Thursday, December 4, 2008

1 Peter 4:7-11 - Love That's Out of This World

This Sunday we'll be studying a small passage from 1 Peter that follows-up on the last lesson, Christ's Vindication. When you read the Bible in snippets, as most people do, you sometimes fail to find the connectivity and lose context from the topics that led up to the text at hand. That is the case with this text. Taken by themselves, they're very helpful instructions for day-to-day living as a loving Christian. When linked to the concepts of Christ's second coming and the much-prophesied days leading up to that event, this text becomes all the more poignant.

In prep for this Sunday's lesson, I've been reading Mark 13. I've just been pondering what these times will feel like. What it would be like to live in a day where being a Christian was an open invitation to discrimination, ridicule, torture or death. Sadly, many places in the world are already in this state of existence. If we take Mark 13 literally, I believe all places on earth will one day present this same unfavorable climate for believers.

I'm reminded of an observation that one of my friends made many years ago. The husband of a professional child-birthing coach, Chip cited Romans 8:22 and commented that every minute of labor, the mother-to-be thinks it's the worst pain she's ever had. Then the next minute, it's even worse. He then added his observation that the generations of mankind have been the same way. Every generation there are preachers that talk about how awful and sinful our generation has become, and therefore conclude that the end must be near. I cannot think of a more crystal-clear way to understand this metaphor.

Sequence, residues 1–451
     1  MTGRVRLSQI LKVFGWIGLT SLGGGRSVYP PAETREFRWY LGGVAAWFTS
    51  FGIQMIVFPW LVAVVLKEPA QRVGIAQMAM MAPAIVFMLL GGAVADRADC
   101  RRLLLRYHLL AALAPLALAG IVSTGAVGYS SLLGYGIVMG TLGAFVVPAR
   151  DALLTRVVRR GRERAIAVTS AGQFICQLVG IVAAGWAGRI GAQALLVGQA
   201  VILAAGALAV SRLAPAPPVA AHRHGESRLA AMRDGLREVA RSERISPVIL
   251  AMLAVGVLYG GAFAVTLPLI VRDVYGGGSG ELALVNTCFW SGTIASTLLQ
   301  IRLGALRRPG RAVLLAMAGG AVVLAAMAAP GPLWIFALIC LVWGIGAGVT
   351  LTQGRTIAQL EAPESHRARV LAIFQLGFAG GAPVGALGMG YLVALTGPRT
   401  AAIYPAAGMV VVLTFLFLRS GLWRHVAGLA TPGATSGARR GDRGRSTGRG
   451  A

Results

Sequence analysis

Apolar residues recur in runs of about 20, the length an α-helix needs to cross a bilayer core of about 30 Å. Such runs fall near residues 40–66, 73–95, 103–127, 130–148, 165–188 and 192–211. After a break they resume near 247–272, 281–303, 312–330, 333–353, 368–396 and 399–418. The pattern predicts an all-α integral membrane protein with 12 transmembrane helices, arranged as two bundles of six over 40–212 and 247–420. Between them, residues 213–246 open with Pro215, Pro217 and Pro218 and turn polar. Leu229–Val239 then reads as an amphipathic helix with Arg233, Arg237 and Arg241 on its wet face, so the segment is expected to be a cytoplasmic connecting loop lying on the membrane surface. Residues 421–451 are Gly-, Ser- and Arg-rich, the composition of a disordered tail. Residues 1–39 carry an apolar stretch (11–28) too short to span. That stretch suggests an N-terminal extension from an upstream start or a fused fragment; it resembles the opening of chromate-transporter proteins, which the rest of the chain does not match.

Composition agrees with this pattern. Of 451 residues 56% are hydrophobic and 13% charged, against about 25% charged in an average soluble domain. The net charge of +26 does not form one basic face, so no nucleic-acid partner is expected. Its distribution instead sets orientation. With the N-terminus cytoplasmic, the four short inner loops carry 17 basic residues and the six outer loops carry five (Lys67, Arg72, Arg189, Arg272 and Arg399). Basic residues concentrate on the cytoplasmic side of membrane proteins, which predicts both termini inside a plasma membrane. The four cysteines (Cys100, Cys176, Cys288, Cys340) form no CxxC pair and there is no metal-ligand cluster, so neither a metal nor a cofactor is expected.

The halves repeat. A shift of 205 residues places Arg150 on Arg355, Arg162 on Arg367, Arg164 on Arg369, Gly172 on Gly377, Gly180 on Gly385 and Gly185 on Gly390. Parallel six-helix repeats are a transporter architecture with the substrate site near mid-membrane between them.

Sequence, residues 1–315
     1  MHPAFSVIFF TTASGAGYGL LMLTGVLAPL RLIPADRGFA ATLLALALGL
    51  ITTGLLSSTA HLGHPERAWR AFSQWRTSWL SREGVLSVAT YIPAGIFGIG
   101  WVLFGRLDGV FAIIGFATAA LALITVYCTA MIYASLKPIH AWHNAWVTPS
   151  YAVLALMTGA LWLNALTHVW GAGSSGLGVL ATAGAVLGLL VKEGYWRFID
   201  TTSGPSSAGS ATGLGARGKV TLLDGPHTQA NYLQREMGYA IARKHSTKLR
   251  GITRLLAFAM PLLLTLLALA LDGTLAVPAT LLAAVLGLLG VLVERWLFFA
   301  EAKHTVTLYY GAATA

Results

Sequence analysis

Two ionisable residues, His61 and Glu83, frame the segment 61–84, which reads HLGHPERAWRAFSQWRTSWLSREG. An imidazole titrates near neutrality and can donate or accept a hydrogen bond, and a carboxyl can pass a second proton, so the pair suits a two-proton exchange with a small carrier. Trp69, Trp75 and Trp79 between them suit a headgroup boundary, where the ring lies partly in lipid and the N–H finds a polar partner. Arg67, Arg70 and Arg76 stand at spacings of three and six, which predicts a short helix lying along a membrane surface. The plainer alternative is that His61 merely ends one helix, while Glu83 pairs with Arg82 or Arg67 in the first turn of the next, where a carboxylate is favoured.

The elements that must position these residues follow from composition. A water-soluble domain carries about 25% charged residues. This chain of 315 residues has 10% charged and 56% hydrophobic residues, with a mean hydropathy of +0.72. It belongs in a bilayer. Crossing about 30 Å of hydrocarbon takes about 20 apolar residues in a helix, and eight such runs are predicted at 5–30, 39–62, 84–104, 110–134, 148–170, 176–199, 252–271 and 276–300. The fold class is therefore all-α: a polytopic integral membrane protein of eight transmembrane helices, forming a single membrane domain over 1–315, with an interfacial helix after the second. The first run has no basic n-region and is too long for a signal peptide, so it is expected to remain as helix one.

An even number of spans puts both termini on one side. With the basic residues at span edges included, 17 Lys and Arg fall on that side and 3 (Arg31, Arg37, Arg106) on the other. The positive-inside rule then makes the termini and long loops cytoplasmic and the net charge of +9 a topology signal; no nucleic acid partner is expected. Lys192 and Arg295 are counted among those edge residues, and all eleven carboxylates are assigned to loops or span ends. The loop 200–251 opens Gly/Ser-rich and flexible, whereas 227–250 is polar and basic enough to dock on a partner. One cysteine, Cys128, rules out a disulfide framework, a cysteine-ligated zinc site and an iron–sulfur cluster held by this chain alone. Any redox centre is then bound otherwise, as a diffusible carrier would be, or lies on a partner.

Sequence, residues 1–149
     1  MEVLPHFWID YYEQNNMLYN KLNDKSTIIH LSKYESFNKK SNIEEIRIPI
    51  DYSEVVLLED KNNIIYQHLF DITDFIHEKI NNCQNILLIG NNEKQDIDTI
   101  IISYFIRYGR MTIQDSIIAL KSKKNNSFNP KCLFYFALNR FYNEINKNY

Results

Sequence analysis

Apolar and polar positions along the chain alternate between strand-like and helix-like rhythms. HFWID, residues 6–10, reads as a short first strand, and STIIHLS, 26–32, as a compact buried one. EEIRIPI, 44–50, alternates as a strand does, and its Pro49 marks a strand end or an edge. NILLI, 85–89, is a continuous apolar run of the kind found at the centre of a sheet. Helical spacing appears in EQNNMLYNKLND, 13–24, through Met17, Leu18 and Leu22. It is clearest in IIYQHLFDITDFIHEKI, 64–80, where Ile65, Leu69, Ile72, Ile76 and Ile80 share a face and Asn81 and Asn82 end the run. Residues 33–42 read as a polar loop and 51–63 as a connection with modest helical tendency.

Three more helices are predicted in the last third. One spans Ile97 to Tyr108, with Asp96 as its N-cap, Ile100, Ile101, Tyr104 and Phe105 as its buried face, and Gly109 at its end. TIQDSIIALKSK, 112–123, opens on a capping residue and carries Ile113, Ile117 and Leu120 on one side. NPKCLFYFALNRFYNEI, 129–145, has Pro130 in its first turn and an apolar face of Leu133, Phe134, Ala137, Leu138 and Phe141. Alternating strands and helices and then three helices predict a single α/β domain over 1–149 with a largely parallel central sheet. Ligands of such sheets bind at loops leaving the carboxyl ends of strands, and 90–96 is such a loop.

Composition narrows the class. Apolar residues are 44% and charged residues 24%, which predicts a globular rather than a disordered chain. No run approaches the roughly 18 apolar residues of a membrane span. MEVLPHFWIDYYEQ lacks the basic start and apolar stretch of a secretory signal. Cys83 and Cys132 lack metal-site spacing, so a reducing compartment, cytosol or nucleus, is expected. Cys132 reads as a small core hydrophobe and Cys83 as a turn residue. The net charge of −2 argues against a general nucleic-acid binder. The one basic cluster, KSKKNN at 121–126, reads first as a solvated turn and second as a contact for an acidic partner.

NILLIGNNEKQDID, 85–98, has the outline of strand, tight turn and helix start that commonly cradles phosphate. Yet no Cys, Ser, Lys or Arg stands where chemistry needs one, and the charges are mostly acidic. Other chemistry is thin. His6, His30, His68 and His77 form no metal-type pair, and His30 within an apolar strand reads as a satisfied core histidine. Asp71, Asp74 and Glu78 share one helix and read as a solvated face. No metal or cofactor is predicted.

So, are we in the last days? As a mother in labor, we may certainly feel that this generation is the worst the world has ever seen. Maybe the next will top it, who knows. What we do know is how Scripture tells us to deal with the ever-increasing pressures against our faith and difficulties of this world, and it's not to worry or speculate. It's to love!

We are told in this passage and elsewhere that our love should be out of this world... literally. It should come from the strength of God. Which is convenient because as I read the instructions in 1 Peter 4:7-11, I'm struck at how unable I am in my own strength to accomplish it. But, so God may be praised, He empowers us to live in loving community so great that it's out of this world.

By God's strength, we're to face the adversity this fallen world has for the Church with open hospitality, taking care of brothers in more dire need than us. We're to take on an attitude of love toward others, which will cover the rough edges that our sin one-to-another creates. We are to serve one another and speak to one another as though we were representing God to them—the God of mercy and love who has poured out His grace on His elect.

Because after all, Christ for whose name we suffer will be vindicated, the first born among many brothers. "To him be the glory and the power for ever and ever. Amen." (1 Peter 4:11)

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